Berks County nurses have Civil War roots
Reading has a rich nursing history, which is directly tied to one of the biggest battles in Civil War history and some of that battle’s greatest heroes.
Nurses of Reading will be celebrated by a “24-inch-by-16-inch monument to be erected in City Park to honor the services of nurses who worked in the Fairgrounds Field Hospital from 1862 to 1863,” according to the Reading Eagle.
The Battle of Antietam saw 23,000 casualties in only 12 hours of combat, and among the many hospital outposts spread from Antietam throughout Pennsylvania was Fairgrounds Field Hospital, located on what is now City Park.
“It was a pitiful site. Some lay on the battlefields for three days, and before the nurses could attend to them they had to soak the blood off their bodies … I dread to think of those days,” said Mrs. Mary Ann Adams to the Reading Eagle in 1928. Adams died in 1930 and was the last surviving member of a group of four Reading women who served as nurses in the war.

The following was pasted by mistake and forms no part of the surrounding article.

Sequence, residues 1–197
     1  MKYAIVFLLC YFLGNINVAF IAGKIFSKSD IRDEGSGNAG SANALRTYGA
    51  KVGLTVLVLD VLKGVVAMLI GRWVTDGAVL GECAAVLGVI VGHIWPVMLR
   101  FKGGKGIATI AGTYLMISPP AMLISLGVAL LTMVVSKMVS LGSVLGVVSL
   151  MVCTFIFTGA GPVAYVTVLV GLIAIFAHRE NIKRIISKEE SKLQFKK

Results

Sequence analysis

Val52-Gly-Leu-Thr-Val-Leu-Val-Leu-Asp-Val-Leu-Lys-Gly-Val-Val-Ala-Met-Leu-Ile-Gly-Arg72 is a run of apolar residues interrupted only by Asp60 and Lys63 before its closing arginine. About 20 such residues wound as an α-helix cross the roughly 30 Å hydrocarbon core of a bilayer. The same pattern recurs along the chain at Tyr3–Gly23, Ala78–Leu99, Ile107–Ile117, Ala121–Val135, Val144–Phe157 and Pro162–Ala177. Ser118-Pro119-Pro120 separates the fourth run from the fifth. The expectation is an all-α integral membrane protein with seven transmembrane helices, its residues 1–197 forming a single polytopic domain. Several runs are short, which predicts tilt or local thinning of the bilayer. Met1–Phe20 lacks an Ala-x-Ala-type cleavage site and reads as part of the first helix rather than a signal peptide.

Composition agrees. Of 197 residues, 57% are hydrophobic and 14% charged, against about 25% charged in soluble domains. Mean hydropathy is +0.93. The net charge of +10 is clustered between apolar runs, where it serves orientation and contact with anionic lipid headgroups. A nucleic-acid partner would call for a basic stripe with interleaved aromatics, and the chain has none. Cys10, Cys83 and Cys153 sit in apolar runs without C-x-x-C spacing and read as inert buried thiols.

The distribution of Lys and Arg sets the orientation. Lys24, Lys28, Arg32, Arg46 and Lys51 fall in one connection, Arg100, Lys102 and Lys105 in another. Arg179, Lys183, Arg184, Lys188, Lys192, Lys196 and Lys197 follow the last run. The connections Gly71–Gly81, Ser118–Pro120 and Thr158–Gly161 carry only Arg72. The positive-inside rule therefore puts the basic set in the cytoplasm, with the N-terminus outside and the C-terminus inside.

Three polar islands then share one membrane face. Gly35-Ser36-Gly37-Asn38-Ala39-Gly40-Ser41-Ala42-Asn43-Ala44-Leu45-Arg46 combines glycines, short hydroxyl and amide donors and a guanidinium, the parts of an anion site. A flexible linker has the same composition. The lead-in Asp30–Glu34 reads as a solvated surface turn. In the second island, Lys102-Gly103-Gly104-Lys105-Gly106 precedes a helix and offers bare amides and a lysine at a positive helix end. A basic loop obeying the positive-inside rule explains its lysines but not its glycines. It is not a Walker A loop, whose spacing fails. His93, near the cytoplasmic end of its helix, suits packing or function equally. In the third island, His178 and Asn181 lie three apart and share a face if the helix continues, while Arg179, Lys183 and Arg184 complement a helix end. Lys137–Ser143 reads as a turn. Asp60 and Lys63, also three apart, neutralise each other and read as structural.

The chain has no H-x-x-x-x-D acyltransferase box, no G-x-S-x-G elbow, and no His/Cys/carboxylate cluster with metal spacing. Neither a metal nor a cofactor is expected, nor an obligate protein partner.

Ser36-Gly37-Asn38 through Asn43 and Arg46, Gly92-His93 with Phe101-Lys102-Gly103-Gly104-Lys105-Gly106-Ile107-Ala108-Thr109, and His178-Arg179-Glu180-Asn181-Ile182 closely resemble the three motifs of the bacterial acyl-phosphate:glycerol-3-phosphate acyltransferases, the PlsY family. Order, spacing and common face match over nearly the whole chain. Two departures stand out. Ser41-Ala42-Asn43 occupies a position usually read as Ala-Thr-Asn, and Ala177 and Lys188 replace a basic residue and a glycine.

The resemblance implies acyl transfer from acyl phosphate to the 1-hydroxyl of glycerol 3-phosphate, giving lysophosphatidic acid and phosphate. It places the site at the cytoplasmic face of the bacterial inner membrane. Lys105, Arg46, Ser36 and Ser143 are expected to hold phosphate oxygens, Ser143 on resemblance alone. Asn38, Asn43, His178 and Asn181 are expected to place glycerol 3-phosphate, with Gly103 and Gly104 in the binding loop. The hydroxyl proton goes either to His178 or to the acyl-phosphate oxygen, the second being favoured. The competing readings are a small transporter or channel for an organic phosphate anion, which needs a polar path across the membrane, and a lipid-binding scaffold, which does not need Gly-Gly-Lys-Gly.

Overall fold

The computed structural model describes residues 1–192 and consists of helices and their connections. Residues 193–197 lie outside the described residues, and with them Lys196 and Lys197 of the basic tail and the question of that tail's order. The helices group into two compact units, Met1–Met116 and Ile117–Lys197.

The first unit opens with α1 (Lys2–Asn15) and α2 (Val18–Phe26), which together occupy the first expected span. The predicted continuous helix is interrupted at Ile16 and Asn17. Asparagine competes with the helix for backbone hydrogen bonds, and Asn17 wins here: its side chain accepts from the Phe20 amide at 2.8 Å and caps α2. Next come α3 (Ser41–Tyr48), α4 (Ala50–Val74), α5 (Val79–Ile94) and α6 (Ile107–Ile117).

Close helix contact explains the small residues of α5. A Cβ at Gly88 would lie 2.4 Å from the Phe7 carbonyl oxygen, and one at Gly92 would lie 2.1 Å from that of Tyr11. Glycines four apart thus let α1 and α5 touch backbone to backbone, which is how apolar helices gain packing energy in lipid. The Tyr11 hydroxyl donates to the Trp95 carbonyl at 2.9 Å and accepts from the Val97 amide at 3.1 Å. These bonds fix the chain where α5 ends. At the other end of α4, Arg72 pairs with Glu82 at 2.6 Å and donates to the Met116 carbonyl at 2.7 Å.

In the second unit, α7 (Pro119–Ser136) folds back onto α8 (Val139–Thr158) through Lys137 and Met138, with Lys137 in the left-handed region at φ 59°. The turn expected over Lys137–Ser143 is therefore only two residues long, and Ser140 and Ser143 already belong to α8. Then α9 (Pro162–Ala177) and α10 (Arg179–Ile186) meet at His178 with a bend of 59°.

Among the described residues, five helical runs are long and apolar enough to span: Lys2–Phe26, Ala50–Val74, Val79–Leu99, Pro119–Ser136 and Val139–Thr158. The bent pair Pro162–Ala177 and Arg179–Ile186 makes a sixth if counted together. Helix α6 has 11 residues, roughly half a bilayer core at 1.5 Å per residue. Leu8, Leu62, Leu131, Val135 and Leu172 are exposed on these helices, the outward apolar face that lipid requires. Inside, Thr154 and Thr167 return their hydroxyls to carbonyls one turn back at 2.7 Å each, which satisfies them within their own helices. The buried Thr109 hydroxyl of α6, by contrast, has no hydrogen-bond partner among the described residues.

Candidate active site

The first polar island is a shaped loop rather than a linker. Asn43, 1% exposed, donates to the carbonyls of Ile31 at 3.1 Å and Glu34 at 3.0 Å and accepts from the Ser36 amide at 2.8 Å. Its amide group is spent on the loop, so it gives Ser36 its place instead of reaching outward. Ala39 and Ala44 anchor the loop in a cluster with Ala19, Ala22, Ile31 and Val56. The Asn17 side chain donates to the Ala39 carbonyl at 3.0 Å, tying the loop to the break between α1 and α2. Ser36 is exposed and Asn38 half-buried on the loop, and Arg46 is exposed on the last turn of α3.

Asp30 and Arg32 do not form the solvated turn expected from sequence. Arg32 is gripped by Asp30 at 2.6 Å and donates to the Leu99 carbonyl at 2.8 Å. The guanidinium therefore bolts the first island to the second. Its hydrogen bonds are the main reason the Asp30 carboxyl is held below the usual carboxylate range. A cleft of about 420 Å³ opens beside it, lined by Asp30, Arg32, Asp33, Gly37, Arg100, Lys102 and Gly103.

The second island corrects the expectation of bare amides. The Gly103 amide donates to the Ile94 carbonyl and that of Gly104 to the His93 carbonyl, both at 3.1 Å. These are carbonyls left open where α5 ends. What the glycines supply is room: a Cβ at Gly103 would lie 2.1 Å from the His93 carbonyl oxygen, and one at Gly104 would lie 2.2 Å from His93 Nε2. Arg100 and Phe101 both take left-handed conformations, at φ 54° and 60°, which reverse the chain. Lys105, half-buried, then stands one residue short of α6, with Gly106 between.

We spoke with Associate Professor of Nursing and Pre-licensure BSN Program Coordinator Deborah Greenawald of Alvernia University to get some professional insight into how the nurses of Reading may have been trained for their Civil War duties.
“Up until the early 20th century, hospital-based nurses’ “training programs” were the primary way nurses were educated. These were built on the apprenticeship model, and nursing students might have one basic book to use and refer to during their training, but the primary focus was on skill development and ‘serving the patients and physicians,’” says Greenawald.
“Nurses in training essentially staffed the hospitals. During the Civil War, many women (and men) served in nursing roles, including Walt Whitman and Louisa May Alcott.”
Greenawald also shared with us “Duties of the Floor Nurse,” which she frequently reads to her nursing students:
We’ve come a long way since the Civil War.
Alvernia’s nursing education, including the RN to BSN program, “educates students rather than subject them to the “apprenticeship model,’” says Greenawald.”
They are required to develop not just competent skills for safe nursing practice, but also the knowledge which goes along with making critical clinical judgments about how to use those skills in a particular situation for a particular patient’s unique needs. Professional formation and education would be the best way to describe preparation of today’s Alvernia nursing students.”